Remsvidir- the only drug shown to work against coronavirus – could cost up to $4.500 per treatment despite costing just $9.32 to make
- Gilead has not revealed how much its antiviral drug, remdesivir, which is approved by the FDA to treat coronavirus, will cost
- The California-based company drew intense public scrutiny when it priced its hepatitis C treatment at $1,000 per pill in 2013
- A report estimated that it costs $9.32 to manufacture one 10-day course of remdesivir treatment
- The cost watchdog said that, if the drug is proven to save lives, Gilead could charge up to $4,500 per treatment
- But consumer advocates say anything more than $10 does not constitute fair pricing during a pandemic
- Here’s how to help people impacted by Covid-19
Experts say even $10 is too much for the US-made antiviral drug approved to treat the novel coronavirus.
Gilead Sciences’ medication, remdesivir, was shown to help reduce patients’ hospital stays over a placebo, in a clinical trial run by the National Institutes of Health.
Last week, it became the first drug approved by the US Food and Drug Administration (FDA) to treat COVID-19 patients under emergency use authorization.
The California-based pharmaceutical company has a past of exorbitant drug pricing, drawing intense scrutiny from the public – and raising questions about patients that might not be able to afford access.
One research group says Gilead could charge anywhere from $10 for a treatment course to $4,500 depending on the cost-effectiveness of the drug.
But consumer advocates that a very high price would be draw intense scruitny and lead to the public accusing Gillead of profiting off the virus that has killed more than 74,000 Americans.
Gilead has not revealed how much its antiviral drug, remdesivir (pictured), which is approved by the FDA to treat coronavirus will cost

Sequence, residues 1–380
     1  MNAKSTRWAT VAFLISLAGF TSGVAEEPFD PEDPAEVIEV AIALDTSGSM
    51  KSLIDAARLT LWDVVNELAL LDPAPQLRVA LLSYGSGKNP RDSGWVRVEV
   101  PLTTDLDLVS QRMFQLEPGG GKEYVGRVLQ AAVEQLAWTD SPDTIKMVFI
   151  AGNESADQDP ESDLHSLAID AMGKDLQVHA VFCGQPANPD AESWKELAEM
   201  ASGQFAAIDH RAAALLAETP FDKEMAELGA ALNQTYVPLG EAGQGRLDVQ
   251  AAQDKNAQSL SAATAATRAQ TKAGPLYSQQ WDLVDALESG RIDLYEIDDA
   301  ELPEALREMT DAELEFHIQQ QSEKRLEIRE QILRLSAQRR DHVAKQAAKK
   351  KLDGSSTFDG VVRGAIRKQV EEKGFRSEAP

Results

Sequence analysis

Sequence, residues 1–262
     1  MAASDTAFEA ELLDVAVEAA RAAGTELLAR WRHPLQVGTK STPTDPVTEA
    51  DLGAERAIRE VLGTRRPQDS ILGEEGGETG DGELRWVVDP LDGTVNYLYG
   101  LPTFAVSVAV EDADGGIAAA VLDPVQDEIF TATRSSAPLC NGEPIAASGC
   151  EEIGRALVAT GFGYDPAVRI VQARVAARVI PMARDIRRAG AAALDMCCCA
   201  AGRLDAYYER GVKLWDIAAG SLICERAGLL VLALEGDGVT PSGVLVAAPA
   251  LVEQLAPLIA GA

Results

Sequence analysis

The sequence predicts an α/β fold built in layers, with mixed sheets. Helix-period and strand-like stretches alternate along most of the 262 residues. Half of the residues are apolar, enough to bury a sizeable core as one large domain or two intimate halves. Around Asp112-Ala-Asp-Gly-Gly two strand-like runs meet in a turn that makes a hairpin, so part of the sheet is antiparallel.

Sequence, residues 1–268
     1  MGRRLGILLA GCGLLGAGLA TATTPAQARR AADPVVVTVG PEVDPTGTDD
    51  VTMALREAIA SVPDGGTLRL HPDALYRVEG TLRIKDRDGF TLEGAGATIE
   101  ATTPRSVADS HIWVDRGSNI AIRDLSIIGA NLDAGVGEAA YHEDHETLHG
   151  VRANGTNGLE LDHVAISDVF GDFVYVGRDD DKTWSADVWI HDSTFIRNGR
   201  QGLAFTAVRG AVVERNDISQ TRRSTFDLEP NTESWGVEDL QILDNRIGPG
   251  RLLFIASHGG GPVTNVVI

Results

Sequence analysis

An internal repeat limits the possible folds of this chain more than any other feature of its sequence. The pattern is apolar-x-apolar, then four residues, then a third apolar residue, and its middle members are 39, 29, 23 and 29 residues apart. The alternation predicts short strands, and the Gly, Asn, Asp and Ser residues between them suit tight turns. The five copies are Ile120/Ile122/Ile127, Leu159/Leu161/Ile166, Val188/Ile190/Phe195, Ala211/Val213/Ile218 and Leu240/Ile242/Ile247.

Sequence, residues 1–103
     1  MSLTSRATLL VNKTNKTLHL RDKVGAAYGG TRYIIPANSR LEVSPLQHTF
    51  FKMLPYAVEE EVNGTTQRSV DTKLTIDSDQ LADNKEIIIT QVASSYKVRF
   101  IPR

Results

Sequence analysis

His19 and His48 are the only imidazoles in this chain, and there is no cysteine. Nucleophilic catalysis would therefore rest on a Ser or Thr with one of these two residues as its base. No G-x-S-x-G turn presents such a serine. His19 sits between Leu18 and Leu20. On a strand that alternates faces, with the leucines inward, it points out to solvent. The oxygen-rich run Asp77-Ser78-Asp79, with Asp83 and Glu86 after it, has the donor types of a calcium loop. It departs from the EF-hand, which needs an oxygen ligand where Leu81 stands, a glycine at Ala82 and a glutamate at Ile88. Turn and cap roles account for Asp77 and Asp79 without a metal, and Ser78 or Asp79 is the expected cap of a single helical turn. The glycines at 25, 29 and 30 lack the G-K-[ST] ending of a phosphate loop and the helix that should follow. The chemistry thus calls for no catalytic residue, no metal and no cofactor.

The California-based company (pictured) drew intense public scrutiny when it priced its hepatitis C treatment at $1,000 per pill
A report estimated that it costs $9.32 to manufacture one 10-day course of remdesivir treatment. Pictured: Medical workers take in patients outside a special coronavirus area at Maimonides Medical Center in Brooklyn, New York, May 6
A decision on a price tag isn’t only important on its own, but it will likely influence the pricing for all future coronavirus treatments.
So far, Gilead’s CEO Daniel O’Day has avoided answering any questions about what remdesivir will cost.
‘I’m not suggesting that there won’t continue to be focus and pressure on drug pricing…but it’s being done now in a way where we can have an appreciation for the innovation the industry brings,’ he said on recent conference call with investors.
The company plans to donate the drug supply it has so far, which would treat about 140,000 patients, and says it won’t consider a price until more data coming in.
Remdesivir was developed by Gilead Sciences to treat Ebola, the deadly hemorrhagic fever that emerged in West Africa in 2014.
Ebola, like COVID-19, is caused by a virus, and scientists are now testing remdesivir to treat coronavirus patients, but it’s too soon to know if the drug works or not.
Trials produced encouraging results earlier this year when it showed promise for both preventing and treating MERS – another coronavirus – in macaque monkeys.